Computer Science (Human Computer Interaction) (3 Years) [BSc]
|Unit level:||Level 3|
|Teaching period(s):||Semester 2|
|Offered by||School of Computer Science|
|Available as a free choice unit?:||Y
- COMP23420 - Software Engineering (Compulsory)
Additional RequirementsStudents who are not from the School of Computer Science must have permission from both Computer Science and their home School to enrol.
This course unit aims to make students aware of the challenges inherent in the evolution of existing systems, especially when they are in constant use, and to provide a working understanding of some of the techniques and best practices currently known for changing existing bodies of software safely.
OverviewThis course unit continues the Agile Methods theme by focusing on the challenges not of creating new systems from scratch, but of evolving systems that already exist.
It has been observed that 80p of every pound spent on software development is spent on maintenance of existing systems. In real life, most software engineers spend their time either helping software systems to continue to meet the needs of their users, or adapting them to meet changing needs. Even new applications are typically constructed by combining existing components and database systems new software.
Teaching and learning methods
22 hours (in 11 2 hour sessions)
Learning outcomes are detailed on the COMP33812 course unit syllabus page on the School of Computer Science's website for current students.
- Problem solving
- Written exam - 70%
- Written assignment (inc essay) - 30%
Motivation for and overview of the course unit. Outlines the challenges inherent in software evolution, based on a case study from real life. Change as a fact of life for software systems.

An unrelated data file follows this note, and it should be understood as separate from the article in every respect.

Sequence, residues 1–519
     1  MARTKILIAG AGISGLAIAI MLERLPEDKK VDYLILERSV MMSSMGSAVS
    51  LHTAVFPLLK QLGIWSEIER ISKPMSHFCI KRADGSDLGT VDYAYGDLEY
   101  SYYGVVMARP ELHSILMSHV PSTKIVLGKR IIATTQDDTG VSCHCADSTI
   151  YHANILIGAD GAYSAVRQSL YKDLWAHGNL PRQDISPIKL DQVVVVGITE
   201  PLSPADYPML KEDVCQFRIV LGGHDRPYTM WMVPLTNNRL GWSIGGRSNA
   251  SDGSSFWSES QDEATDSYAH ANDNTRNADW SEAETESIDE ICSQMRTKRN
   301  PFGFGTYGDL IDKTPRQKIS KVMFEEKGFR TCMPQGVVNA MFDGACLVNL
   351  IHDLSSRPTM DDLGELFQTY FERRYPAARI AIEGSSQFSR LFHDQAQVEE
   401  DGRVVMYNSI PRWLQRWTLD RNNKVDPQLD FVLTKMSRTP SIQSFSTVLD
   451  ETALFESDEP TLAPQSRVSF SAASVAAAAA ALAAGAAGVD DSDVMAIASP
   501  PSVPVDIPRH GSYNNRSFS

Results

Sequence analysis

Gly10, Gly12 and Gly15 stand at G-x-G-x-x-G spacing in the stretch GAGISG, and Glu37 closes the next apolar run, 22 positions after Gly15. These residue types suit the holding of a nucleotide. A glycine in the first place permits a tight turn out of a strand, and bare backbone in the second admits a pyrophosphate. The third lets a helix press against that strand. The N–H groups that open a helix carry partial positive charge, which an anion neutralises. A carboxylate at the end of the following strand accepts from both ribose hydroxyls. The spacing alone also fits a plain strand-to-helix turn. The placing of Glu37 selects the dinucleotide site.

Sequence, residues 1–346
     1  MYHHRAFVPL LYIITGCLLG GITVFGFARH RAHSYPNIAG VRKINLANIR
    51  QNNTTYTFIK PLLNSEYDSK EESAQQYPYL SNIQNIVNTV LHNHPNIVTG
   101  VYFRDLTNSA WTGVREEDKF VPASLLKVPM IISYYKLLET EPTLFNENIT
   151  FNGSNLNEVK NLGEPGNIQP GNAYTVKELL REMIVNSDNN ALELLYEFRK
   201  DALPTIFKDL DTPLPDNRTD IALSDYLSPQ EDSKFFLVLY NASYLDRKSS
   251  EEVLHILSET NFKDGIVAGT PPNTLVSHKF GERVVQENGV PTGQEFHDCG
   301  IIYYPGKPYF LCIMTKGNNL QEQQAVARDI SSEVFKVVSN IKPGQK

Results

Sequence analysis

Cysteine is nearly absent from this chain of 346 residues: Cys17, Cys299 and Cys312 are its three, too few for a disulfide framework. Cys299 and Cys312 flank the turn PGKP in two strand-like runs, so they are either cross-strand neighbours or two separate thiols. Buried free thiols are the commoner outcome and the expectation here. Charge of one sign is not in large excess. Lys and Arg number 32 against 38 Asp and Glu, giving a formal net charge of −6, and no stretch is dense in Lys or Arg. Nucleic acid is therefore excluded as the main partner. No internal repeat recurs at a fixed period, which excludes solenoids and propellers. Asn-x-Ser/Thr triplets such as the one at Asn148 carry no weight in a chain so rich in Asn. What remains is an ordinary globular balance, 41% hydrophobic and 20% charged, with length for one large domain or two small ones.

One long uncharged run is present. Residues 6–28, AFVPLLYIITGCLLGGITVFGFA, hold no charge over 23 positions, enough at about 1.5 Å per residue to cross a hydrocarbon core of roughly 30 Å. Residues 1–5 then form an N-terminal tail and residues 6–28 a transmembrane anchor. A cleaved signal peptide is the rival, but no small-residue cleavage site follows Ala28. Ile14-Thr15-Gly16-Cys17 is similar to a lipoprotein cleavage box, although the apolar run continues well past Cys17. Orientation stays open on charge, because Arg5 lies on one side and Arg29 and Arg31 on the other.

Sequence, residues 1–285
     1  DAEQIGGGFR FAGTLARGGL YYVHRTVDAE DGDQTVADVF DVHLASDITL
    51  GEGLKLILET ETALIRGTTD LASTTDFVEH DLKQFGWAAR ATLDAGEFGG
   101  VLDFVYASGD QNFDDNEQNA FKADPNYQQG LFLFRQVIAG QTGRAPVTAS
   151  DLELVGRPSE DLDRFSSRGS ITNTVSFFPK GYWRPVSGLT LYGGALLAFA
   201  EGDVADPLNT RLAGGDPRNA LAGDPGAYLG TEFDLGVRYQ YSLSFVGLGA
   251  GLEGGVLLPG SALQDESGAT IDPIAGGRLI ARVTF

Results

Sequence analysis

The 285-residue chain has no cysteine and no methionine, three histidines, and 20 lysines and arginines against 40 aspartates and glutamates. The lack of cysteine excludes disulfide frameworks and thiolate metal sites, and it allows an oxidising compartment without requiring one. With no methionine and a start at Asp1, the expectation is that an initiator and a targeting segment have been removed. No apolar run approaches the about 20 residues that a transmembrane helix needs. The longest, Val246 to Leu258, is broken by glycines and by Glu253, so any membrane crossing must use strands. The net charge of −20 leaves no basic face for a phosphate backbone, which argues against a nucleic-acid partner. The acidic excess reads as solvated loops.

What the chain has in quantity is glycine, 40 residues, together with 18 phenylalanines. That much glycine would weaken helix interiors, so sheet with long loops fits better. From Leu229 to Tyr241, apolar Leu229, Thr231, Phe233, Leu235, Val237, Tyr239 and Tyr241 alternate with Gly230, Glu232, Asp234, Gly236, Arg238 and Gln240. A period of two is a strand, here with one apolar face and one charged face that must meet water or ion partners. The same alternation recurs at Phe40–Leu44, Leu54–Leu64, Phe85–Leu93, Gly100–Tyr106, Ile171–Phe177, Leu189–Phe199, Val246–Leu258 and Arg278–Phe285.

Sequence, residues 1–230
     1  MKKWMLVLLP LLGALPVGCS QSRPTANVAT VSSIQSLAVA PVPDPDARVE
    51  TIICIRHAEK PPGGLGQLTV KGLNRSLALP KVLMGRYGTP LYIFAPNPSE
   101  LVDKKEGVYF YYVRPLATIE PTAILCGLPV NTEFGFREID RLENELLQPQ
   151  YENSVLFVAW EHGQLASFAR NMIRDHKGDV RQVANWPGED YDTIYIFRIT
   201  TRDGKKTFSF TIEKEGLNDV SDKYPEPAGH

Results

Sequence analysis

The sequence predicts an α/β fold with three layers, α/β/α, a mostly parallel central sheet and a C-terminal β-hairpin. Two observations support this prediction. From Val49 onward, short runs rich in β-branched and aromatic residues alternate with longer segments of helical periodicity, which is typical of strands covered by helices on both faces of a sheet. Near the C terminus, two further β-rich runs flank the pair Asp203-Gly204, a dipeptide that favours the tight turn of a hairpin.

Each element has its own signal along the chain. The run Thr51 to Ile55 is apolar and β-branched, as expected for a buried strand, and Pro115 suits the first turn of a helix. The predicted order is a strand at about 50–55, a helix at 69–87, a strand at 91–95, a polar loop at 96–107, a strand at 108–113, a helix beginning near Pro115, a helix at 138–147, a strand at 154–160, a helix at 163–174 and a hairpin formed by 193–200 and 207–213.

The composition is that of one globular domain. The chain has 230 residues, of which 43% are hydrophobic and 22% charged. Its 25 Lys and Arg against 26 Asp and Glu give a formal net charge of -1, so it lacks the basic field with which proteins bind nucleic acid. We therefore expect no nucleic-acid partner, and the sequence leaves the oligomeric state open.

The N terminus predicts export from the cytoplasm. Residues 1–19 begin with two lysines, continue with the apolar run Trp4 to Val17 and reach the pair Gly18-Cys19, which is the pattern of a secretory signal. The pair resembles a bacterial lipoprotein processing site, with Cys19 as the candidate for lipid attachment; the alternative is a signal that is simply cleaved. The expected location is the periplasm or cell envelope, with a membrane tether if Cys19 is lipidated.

Introduction to techniques for understanding software systems built by others. Recognising common architectural patterns. Code reading techniques for program comprehension, including bottom-up reading (based on idioms) and top-down reading (based on abstractions).
Techniques for evolutionary design in the small: refactoring. Techniques for large-scale evolutionary design, especially evolution of legacy systems. Architectural patterns for isolation/exposure of change.
Black-Box and Open Source Components
How are external components integrated into systems? How does the evolution of the componets and the host system interrelate?
Are there ways in which some of the problems/complexity of software evolution can be avoided in the future?
COMP33812 reading list can be found on the School of Computer Science website for current students.
Coursework with numeric and written feedback; non-assessed formative self-assessment Blackboard quizzes periodically throughout the course.
- Assessment written exam - 2 hours
- Lectures - 24 hours
- Independent study hours - 74 hours